We also just need the attribute that has the information that we need. In our Association Rules (Market Basket Analysis) scenario, we will need to include the PROD_ID attribute. This contains the product key of each product that was included in the basket

CREATE VIEW ASSOC_DATA_V AS (

SELECT RANK() OVER (ORDER BY CUST_ID, TIME_ID) CASE_ID,

t.PROD_ID

FROM SH.SALES t );

Step 4 – Create the Model

We will need to use the DBMS_DATA_MINING.CREATE_MODEL function. This will use the settings in our ASSOC_SAMPLE_SETTINGS table. We will use the view created in Step 3 above and use the CASE_ID attribute we created as the Case ID in the function all.

BEGIN 
   DBMS_DATA_MINING.CREATE_MODEL( 
     model_name          => ‘ASSOC_MODEL_2’, 
     mining_function     => DBMS_DATA_MINING.ASSOCIATION, 
     data_table_name     => ‘ASSOC_DATA_V’, 
     case_id_column_name => ‘CASE_ID’, 
     target_column_name  => null, 
     settings_table_name => ‘assoc_sample_settings’);

END;

On my laptop this took approximately 5 second to run on just over 918K records involving just over 143K cases or baskets.

Now that is quick!!!

Step 5 – View the Model Outputs

There are a couple of functions that can be used to extract the rules produced in our previous step. These include:

GET_ASSOCIATION_RULES : This returns the rules from an association model.

SELECT rule_id, 
       antecedent, 
       consequent, 
       rule_support,

       rule_confidence

FROM TABLE(DBMS_DATA_MINING.GET_ASSOCIATION_RULES(‘assoc_model_2’, 10));

The 10 here returns the top 10 records or rules.image GET_FREQUENT_ITEMSETS : returns a set of rows that represent the frequent item sets from an association model. In the following code we want the top 30 item sets to be returned, but filtered to only display item sets where there are 2 or more rules.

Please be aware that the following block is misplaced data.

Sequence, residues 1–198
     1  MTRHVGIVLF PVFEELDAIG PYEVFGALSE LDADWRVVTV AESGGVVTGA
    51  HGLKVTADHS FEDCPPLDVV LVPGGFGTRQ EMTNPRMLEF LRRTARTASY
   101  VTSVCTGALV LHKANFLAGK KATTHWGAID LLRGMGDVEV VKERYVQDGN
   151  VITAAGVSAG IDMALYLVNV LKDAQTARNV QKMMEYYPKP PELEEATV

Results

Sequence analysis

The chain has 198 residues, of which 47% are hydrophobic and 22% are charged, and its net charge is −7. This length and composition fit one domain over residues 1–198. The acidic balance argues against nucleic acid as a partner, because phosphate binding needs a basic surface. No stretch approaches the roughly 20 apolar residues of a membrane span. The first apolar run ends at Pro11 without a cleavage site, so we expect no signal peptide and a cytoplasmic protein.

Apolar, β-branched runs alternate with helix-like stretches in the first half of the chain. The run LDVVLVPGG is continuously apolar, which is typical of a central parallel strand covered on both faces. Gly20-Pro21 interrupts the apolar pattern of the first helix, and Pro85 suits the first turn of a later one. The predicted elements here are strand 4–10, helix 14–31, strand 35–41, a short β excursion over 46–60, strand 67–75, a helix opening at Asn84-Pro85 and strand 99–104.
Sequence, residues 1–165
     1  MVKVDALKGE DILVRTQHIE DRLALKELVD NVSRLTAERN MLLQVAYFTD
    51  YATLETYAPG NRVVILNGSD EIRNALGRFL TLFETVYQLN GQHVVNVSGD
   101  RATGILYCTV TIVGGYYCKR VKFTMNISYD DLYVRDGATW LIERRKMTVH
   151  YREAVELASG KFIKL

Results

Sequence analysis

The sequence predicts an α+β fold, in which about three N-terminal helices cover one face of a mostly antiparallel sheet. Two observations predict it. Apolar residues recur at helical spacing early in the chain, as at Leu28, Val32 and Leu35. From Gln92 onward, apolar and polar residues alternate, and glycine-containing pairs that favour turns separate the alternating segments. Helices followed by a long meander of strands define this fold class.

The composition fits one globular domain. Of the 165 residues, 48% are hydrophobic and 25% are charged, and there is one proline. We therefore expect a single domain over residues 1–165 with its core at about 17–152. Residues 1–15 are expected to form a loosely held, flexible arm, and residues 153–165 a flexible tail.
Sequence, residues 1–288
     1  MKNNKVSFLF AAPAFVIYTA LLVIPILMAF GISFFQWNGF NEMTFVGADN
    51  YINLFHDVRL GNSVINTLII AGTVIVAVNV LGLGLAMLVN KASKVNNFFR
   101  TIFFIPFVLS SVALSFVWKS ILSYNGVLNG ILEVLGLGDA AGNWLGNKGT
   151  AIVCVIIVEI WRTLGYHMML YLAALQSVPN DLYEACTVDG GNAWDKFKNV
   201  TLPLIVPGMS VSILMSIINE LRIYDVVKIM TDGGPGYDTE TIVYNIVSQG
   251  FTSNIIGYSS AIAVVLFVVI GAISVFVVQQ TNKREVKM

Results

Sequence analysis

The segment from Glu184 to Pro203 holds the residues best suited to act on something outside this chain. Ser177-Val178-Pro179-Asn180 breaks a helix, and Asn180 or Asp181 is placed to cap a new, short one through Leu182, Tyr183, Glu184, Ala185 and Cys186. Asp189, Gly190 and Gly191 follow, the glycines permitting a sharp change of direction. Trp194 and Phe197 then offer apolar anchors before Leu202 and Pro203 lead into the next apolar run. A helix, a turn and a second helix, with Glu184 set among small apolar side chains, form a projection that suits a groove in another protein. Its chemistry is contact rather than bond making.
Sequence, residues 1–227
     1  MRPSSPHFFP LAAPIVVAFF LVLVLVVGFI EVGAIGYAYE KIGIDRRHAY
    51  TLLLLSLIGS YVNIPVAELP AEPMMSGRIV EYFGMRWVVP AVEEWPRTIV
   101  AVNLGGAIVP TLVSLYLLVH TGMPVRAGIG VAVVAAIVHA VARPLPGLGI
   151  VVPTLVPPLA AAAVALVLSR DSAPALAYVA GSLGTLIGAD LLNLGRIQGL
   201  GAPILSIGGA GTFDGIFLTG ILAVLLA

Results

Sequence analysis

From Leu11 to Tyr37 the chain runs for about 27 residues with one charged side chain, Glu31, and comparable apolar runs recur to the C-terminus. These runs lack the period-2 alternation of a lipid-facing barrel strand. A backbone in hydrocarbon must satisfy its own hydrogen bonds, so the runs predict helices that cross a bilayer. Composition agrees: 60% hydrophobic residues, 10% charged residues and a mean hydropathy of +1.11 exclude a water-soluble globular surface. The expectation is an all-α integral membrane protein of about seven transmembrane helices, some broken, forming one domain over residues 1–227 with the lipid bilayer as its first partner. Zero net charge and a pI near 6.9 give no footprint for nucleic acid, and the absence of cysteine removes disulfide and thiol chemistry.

SELECT itemset_id,

       items,

       support,

       number_of_items

FROM TABLE(DBMS_DATA_MINING.GET_FREQUENT_ITEMSETS(‘assoc_model_2’, 30))

WHERE number_of_items >= 2;

image

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2 thoughts on “Association Rules in ODM-Part 4

    Boby Siswanto said:
    June 16, 2014 at 3:21 am

    i found error while go on stage 4:
    ORA-22814: attribute or element value is larger than specified in type
    ORA-06512: at “SYS.DBMS_DATA_MINING”, line 1779
    ORA-06512: at line 2
    22814. 00000 – “attribute or element value is larger than specified in type”
    *Cause: Value provided for the object type attribute or collection element
    exceeded the size specified in the type declaration.
    *Action: Choose another value and retry the operation.

    could you please give me som solution?

    thank you

    Like

    Brendan Tierney said:
    June 23, 2014 at 2:02 pm

    Could you provide some more details? Are you getting this error message when you run the CREATE_MODEL command?. Can you give a DESC of the input table, the settings table contents, and the actual CREATE_MODEL statement you ran to generate this error.

    Like